Create an Awesome Camping Dishwashing Station
Our camp dishwashing station comes with us on all of our car camping adventures and canoe trips, plus many short multi-day hikes. The system has changed very little over the 20+ years we’ve been using it.
When we’re backpacking, we often wash our dishes with just one small, portable bucket, and sometimes we wash our dishes with leaves and dirt (for real), and just use our collapsible dishwashing bucket for the final rinse.
If you’re curious about how to clean dishes while camping without water, the video below is a good overview. It gives a good overview of how to wash your dishes with dirt, although I wouldn’t rinse my dishes with bottled water as the video suggests.
What to Pack in Your Camp Dishwashing Station
Here’s the basic equipment you’ll need for washing dishes while camping. Our buckets/tubs have changed over the years, but the method is the same.
Two collapsible buckets or plastic tubs. You’ll need a bucket for washing dishes and one for rinsing. If you do mostly car camping, you can get away with any plastic tubs that will nest together and hold water.
If you think you’ll need something more portable for hiking and backpacking, opt for lightweight, collapsible buckets that will fit handily in your backpack. These Sea to Summit Kitchen Sinks are lightweight, portable, and come with a small stuff sack. You can get them in three sizes based on your needs.
We use one of these portable sinks for washing dishes, and then we hang the rinse water from a tree in this Sea to Summit Ultra-Sil Folding Bucket. This thing is so useful — a folding bucket that fits in the palm of your hand!
We like to have the rinse water set up all the time so we can use it as needed, and if we left it on the ground, the dog would knock it over or fill it with dirt and fur.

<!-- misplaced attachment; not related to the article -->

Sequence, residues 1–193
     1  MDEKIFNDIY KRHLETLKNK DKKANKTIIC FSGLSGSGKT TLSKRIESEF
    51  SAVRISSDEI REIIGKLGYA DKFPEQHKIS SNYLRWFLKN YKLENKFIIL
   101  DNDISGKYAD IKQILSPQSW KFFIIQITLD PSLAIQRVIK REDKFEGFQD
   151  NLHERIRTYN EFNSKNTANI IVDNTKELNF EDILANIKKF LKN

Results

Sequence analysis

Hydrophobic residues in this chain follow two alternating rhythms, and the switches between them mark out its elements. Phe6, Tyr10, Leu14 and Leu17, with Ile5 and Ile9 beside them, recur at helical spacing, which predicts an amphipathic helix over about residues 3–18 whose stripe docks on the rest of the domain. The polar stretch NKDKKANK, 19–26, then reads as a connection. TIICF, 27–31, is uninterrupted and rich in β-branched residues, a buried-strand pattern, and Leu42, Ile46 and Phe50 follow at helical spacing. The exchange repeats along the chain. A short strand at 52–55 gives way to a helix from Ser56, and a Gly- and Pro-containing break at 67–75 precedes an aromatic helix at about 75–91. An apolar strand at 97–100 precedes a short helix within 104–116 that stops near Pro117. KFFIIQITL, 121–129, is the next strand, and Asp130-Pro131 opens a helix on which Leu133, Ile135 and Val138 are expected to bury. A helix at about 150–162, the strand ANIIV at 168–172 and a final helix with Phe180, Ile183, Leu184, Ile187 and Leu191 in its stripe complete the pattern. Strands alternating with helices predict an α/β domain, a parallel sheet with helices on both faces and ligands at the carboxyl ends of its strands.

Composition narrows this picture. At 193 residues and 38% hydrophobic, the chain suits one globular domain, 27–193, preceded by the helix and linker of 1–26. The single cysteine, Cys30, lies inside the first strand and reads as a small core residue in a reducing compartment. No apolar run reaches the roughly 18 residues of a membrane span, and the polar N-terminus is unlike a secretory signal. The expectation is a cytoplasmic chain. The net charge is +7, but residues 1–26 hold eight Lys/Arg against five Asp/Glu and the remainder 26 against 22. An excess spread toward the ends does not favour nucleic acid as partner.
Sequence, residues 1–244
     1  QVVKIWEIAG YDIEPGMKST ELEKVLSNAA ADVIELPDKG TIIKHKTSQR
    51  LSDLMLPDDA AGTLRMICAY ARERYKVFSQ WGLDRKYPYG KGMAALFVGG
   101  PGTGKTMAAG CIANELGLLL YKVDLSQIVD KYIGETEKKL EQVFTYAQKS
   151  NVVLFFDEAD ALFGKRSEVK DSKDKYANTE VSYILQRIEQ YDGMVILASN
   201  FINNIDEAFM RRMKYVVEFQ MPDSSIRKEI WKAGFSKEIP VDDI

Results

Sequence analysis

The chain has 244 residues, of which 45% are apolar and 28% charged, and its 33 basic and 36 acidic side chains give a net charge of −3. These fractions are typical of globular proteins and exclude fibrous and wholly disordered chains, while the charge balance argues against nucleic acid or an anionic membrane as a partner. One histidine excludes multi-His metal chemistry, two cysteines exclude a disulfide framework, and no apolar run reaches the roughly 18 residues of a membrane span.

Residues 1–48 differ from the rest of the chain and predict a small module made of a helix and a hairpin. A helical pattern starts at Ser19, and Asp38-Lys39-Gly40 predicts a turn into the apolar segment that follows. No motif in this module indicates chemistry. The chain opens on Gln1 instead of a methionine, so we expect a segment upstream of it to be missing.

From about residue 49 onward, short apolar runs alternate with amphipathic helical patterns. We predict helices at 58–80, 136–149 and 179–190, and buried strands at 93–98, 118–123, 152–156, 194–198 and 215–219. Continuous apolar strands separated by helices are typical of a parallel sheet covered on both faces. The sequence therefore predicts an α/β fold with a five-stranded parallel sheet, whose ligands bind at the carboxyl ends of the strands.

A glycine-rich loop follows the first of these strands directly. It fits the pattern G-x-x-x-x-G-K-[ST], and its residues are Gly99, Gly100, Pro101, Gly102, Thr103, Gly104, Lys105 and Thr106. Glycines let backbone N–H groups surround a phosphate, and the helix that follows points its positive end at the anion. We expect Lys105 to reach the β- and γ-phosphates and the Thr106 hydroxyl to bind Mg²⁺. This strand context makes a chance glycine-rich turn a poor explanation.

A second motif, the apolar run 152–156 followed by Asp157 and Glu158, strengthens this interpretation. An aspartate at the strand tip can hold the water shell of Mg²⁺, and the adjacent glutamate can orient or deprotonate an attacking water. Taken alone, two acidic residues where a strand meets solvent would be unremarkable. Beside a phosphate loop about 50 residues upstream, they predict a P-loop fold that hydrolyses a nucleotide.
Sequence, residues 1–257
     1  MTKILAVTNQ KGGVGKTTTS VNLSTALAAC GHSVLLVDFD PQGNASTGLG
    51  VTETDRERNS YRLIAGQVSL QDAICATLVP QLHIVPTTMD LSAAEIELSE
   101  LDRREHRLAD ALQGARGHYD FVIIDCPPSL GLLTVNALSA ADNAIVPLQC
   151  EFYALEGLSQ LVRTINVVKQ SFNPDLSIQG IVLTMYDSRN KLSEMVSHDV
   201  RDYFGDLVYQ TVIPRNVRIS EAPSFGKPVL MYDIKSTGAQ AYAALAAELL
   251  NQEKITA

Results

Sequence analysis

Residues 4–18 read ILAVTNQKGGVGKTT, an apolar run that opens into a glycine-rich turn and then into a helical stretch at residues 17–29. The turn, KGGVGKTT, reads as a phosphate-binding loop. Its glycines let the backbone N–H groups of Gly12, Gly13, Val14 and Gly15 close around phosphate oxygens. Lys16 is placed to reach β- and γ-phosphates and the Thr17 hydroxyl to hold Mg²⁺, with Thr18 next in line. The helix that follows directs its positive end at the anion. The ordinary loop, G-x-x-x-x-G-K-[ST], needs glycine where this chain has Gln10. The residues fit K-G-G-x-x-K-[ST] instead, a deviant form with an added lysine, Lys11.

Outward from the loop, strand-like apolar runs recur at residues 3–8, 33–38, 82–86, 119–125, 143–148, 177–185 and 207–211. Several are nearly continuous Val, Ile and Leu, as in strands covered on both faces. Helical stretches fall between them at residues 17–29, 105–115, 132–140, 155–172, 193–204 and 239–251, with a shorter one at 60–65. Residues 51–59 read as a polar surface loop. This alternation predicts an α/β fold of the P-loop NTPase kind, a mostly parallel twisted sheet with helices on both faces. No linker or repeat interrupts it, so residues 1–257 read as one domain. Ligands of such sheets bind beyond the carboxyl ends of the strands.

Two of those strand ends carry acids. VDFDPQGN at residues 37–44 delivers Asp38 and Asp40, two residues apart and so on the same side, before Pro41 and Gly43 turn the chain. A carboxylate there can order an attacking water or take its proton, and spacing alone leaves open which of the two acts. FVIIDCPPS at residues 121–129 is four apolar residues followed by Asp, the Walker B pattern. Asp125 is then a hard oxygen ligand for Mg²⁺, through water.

Rope. If you want to hang your rinse water, you’ll need a good piece of rope or paracord. This is also a good time to practice your knots…
A washcloth and towel. We really like using quick-dry microfiber cloths for both washing and drying. It’s always tempting to leave the camp dishes out on the picnic table to dry, but we feel so much better when we just dry them and put them back in our camp kitchen.
A pot scrubber. Eventually, you’re going to have to clean crusty food off of your favorite camping pan. Get a pot scrubber with nylon bristles on one edge (to protect non-stick surfaces) and a rubber scraper on the other.
A strainer. A small strainer is awesome for capturing food from your dishwater before you toss it into the woods. It’s important to do this because if you’ve got food mixed into your dishwater, it will certainly attract animals when you dump it in the woods.
A Step-by-Step Guide: How to Wash Dishes While Camping
Now for the fun part! Here’s our step-by-step guide to washing dishes while camping.
- Crack a beer — or another indulgent beverage — and prepare your easy camping meal.
- After you plate up the food, but before you eat, fill your cook pot with water and let it sit near your campfire (on the edge of the grill works if your fire isn’t too big). This will make your dishwashing water tolerably warm. It will also keep the food from sticking. If you used your frying pan, add a bit of water to that as well and let it sit.
- Enjoy your awesome camp food. This is obviously the easy part, so relax!